A Special Economic Zone can be considered a significant economic strategic move for Afghanistan that shall be connected with the neighboring SEZs such as Chabahar Free Zone- Islamic Republic of Iran, Gwadar SEZ- Islamic Republic of Pakistan, The Navoi Free Industrial Economic Zone the Republic of Uzbekistan and regional SEZs of China, India and UAE.
A special economic zone (SEZ) is an area in which business and trade laws are different from rest of the country. SEZs are located within a country’s national borders, and their aims include: increased trade, enhance investment sphere, ward off steep unemployment and effectively administer trade relevant affairs. To encourage businesses and set up zone, make it functional, ensure financial policies are heavy but foundational stones for such initiatives. These policies typically regard investing, taxation, trading, quotas, customs and labor regulations. Additionally, companies may be offered tax holidays, where upon establishing in a zone they are granted a period of lower taxation.
We can mention the deliberate practice of China who initiated SEZs namely Shenzhen in the Pearl River Delta region, Zhuhai and Shantou in Guangdong and Xiamen (Amoy) in Fujian Province since 1979 part of the open door policy. Chinese SEZs are now contributing 62% (USD1265 billion-2016) to the export and have created more than 35 million jobs and as soon as the SEZ launched then China’s merchandise exports have increased 125-folds and it’s real gross domestic product (GDP) has grown nearly 15-folds. China might be the most successful country in terms of leveraging SEZs to achieve far-reaching economic transformations. It started with four zones at the initial stage to experiment with market-oriented economic reforms which involves laws, regulations, taxation, land, labor, finance, customs, immigration, etc.
India can be well-thought-out another regional country who launched their first SEZ in 2006 and now has more than 213 operational SEZs that contributed USD 78 billion for year 2016 to the Indian exporting economy. SEZs in India varies over a number of sectors like IT/ITES, Electronics and Hardware, Textiles and apparels, Chemical and Pharmaceuticals, Gems and Jewelry and. SEZs in India have witnessed a rapid increase in total production and export after the SEZ Act 2005 came into effect. Export from SEZs have rose from Rs.22840 crores in the year 2005-06 to Rs.463000 crores (67 billion USD)in the year 2014-15, which means the export rose by around 2000 percentage during the short period of 9 years.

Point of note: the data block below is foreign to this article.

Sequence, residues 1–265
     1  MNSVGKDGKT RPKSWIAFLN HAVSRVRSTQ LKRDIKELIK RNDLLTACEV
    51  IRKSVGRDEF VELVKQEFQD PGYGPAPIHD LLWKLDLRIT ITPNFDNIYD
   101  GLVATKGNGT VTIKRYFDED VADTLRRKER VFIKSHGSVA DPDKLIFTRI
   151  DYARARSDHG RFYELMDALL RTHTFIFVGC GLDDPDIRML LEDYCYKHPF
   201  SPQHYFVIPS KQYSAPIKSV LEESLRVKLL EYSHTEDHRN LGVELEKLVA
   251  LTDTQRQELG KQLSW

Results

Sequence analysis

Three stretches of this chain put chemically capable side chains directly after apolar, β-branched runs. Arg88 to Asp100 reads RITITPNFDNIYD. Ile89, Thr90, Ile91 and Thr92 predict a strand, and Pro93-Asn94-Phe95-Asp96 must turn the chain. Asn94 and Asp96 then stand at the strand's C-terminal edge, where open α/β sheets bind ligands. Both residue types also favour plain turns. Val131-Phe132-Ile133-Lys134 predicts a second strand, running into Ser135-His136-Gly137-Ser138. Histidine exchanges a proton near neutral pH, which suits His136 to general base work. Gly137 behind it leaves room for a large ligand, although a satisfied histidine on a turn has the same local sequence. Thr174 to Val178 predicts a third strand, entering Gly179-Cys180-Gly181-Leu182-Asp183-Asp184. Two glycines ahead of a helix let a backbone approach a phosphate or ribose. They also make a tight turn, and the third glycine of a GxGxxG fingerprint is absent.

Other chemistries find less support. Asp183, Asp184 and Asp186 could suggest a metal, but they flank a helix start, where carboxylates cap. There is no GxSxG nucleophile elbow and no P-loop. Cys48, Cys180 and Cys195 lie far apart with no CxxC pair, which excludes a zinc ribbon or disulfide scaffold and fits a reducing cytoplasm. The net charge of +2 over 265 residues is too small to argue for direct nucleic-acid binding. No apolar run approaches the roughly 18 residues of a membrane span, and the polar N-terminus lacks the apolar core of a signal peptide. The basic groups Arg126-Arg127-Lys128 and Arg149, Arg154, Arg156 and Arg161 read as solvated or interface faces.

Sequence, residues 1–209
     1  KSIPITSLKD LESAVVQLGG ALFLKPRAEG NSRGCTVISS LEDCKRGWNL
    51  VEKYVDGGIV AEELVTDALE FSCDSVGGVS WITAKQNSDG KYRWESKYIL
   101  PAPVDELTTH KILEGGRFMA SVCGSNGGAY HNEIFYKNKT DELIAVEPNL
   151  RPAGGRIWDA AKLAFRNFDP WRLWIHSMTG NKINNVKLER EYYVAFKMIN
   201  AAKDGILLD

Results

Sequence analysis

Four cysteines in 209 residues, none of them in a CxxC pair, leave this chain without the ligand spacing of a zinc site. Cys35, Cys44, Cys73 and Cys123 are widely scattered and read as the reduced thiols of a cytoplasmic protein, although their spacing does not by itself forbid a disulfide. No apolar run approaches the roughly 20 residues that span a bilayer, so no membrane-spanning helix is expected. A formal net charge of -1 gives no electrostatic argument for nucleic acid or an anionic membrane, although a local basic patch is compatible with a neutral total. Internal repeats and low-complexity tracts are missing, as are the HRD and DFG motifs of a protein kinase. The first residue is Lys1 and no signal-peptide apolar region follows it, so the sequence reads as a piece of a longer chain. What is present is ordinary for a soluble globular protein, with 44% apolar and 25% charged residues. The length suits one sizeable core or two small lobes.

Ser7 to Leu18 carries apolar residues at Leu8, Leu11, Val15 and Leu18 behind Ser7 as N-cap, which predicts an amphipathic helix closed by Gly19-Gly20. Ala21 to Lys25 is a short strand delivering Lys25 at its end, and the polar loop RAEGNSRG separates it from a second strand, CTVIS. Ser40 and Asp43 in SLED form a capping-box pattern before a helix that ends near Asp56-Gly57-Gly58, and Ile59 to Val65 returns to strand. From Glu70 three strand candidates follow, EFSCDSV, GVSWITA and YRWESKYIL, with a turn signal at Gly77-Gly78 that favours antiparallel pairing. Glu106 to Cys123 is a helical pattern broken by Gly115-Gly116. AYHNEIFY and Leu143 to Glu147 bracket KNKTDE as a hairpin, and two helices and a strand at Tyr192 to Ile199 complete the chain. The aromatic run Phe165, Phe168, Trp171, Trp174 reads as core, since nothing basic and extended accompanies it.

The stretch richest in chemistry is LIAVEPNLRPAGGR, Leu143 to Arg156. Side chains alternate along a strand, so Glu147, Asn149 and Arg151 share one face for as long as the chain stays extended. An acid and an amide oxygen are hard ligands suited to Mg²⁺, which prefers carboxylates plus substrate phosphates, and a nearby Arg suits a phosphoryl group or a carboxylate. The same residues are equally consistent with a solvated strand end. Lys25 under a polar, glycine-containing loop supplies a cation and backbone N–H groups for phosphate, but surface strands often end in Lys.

The Philippines may be another successful example who implemented the similar experience of US Military Base Transfers into SEZ while US military decided to leave Philippines in 1991. At a glance, the Philippines 60% export is coming from SEZ, around 393 economic zones are currently functioning across the Philippines, and it is estimated that SEZ contributes more than half of the Philippines’ inward FDI every year and approximately 7 million jobs have been created by SEZs.
As of 2017, Afghanistan GDP was 19.47 billion US dollars that represents 0.03 percent of the world economy where it exports was increased to 831 million USD and import was equal to 7722.80 USD Million in 2017 that shows trade deficit of around 90% and the Unemployment Rate in Afghanistan still remained unchanged at 8.50 percent accordingly. Afghanistan is ranked 167 among 190 economies in the ease of doing business, according to the latest World Bank annual ratings dated 2018.